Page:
Children, Teens and DigiTech

Technology, education and pre-teen years

I seem to be having a number of discussions with parents (particularly mothers) about the quantity and type of technology that is being used within schools for the purposes of education.

Screentime and homework
The biggest concern, especially for parents of children in younger age groups, has been children only being able to access homework via their smartphones. The parent’s concern is mostly around the issue of limiting their child’s screen time – not being able to do so if they need it for their homework. 
Parent’s who have raised this concern with me have expressed the fear that they may be the only parent who has this concern, and they don’t have enough agency to make any change against the school their child attends. 
For these parents, I ask them if there are other parents who feel the same and, if there are, to go together to raise their concerns with the school. We often think we are the only ones who feel a certain way and do not want to speak up in case we are a lone voice in a crowd. But, it is often that others feel the same as we do, but are also concerned they are the only ones to be so. 
Focus and distraction
From a neuro-cyberpsychology perspective I have a lot of concern for the level of technology / screen based use in the education of young people. Using constantly shifting information and media reduces the brains capacity for ‘deep’ information processing – resulting in rapid attention shifting/decreased ability to sustain attention and reduced ability to deliberate. It reduces the ability to pay attention and focus while increasing distractibility. The brain is still growing at super-speed at this age – and is still building those key neural pathways for overall (although are still neuroplastic in adulthood) brain structure and sets the groundwork for adult behaviour and capabilities.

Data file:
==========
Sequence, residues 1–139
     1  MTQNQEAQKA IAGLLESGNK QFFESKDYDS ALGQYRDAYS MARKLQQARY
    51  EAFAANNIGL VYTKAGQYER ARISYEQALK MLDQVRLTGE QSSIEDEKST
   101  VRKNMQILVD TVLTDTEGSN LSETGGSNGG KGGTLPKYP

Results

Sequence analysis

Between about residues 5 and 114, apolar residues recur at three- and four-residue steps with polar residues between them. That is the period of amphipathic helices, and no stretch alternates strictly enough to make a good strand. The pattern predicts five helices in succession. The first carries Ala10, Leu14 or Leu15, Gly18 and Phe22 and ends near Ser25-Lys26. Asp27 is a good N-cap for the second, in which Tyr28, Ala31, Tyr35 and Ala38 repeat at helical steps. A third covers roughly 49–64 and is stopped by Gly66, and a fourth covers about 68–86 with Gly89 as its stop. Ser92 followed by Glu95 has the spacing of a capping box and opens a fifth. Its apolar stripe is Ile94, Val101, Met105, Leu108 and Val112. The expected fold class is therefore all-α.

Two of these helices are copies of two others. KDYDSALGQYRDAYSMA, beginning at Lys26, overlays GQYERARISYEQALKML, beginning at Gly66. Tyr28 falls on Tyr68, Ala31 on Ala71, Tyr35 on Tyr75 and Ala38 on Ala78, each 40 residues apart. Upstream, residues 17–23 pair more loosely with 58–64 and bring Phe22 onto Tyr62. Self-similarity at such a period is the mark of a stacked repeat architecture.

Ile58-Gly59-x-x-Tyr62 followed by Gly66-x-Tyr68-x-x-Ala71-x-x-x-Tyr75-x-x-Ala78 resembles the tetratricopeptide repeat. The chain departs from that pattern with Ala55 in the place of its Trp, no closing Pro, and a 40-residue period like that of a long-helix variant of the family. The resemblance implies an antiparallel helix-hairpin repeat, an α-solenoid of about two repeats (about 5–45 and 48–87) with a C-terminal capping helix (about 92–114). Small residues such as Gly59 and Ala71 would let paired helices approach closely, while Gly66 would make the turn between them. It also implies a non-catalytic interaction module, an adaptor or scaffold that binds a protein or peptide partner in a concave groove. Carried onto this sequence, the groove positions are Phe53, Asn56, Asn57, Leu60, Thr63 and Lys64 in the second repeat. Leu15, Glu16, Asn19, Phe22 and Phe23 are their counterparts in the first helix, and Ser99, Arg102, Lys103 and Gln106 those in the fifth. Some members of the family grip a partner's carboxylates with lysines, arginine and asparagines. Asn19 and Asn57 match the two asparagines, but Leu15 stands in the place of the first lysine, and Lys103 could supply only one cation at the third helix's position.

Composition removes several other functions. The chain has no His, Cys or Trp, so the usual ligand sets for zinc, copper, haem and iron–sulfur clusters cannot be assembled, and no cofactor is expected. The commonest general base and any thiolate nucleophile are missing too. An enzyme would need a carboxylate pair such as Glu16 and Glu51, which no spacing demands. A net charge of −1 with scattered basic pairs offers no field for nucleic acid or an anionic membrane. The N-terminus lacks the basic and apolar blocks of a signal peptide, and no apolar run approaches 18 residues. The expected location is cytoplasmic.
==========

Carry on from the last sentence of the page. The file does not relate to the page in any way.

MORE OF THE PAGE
Children of this age should not have the kind of exposure they do to screens and content that they do. It is a parent’s prerogative as to how much screen exposure a child gets, but schools and teachers should minimise engagement in online content and should not be giving them homework that can only be/is mostly accessed via a screen.
Left-behind or left out?
I often hear the argument that they will be ‘left behind’ their peers if they do not engage in digital technology. But this is not true. Just look at how little exposure the big tech CEO’s (the very people who develop the hard and software used) give their children to digital technology. 
What is of greater relevance is the notion of children being teased or ostracised by peer-groups because they don’t have the same access as others in the group.
Post-apocalyptic 'educational' content
The second concern is some the type of content that children are exposed to, as part of their education. A concerned mum recently asked me to review a hyper-realistic animation video her 10 year old son had to watch as part of the English curriculum. The is video part of The Literacy Shed materials available for educational use – and can be viewed here.